Santiago, Chile–Greetings. I’m a bit tied up with some technical preparations for this afternoon’s Atlas 400 informational teleconference. If you’re interested in the group and want to find out more, you won’t want to miss it– it’s at 3:00pm Eastern time this afternoon, and you have to register in advance here.
In the meantime, I’d like to send on a recent note penned by my friend Dr. John Cobin. John is a long-time resident of Chile and recently had to undergo surgery here. Not to worry, everything is OK… but the experience did give him the chance to write about Chile’s fantastic medical care.
No one likes to think about the need for being hospitalized or for surgery. Yet such things are unpredictable. We simply cannot presume that we will have good health all the time, especially as we grow older. This topic should be of great importance to prospective expatriates.
The country one chooses to live in should have a level of medical care that provides peace of mind.
I was in Nigeria for over a month during the first part of this year, undertaking a sponsored research project. Nigeria is definitely Third World, with incredible poverty, chaos, filth, trash problems, and backwardness.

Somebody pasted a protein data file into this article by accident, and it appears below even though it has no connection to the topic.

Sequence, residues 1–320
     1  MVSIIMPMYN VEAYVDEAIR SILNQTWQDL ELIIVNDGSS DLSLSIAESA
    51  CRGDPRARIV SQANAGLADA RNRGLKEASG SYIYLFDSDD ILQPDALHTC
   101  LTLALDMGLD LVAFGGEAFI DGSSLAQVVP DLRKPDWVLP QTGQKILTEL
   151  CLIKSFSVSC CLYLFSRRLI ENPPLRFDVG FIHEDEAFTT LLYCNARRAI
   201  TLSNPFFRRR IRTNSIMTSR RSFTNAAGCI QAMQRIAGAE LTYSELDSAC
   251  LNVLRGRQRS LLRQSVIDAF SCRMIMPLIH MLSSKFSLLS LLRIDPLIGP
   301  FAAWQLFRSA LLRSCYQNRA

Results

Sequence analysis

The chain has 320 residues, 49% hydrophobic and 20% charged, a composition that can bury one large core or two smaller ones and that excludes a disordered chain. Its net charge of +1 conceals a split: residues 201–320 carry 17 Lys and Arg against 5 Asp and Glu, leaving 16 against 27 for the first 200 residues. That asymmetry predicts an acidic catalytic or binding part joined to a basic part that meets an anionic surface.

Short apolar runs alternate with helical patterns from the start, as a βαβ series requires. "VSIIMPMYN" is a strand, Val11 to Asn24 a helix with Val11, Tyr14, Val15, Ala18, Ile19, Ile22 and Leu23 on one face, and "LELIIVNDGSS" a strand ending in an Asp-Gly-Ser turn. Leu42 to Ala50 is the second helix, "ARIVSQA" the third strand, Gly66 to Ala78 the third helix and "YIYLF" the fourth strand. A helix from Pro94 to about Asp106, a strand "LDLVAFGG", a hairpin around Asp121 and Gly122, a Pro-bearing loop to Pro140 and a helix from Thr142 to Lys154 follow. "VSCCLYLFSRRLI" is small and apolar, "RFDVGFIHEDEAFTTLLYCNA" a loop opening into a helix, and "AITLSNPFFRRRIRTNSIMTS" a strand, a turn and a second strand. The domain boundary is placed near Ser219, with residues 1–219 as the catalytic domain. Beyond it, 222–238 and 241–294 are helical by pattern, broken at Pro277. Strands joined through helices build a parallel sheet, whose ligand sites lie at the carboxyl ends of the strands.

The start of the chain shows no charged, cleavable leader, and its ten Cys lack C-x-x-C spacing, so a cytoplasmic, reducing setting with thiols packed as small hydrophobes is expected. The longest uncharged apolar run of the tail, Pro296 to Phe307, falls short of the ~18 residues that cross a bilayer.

Of course, there is a relatively small sector of the population that is wealthy. So when I got sick, which I later learned was from food poisoning, I directed the driver to take me to the hospital that is used by the foreigners.
I figured that there would be a better chance at getting decent care in such a place. As it turns out, there were three or four options in Lagos, a city of 9 million. The price was high, US$800 for a one-day stay, which was covered 100% by my private Chilean medical insurance (through reimbursement upon my return).
The Nigerian hospital was mostly clean but the level of incompetence was incredible. Three times the nurse put an IV in my hand and air bubbles were seen going down the line to my arm. Each time I made her fix the problem but she acted as if loads of air bubbles were no big deal.
The IV insert also bruised my hand significantly, causing pain for several weeks after being released. The doctors seemed to know what they were doing but the other problems really made me worry about the care and service I was getting. I certainly would not recommend that anyone go to Nigeria for medical care.
In Chile where I live, it’s a completely different story. No Latin American country’s medical services can compare to Chilean medical care, and Chile’s level of care is even above some places in Europe.
One Chilean doctor told me recently that he had been educated in Chile and did his residency in Richmond, Virginia. He stated that there is basically no difference in medical care between Santiago and major metropolitan areas in the USA.
The physicians and nurses are well-trained professionals and the machinery and equipment is the same in both places. The only difference, he noted, is that the US and Europe have vastly greater funding for research programs. Hence, Chilean doctors are simply consumers of the discoveries and information from the US and Europe.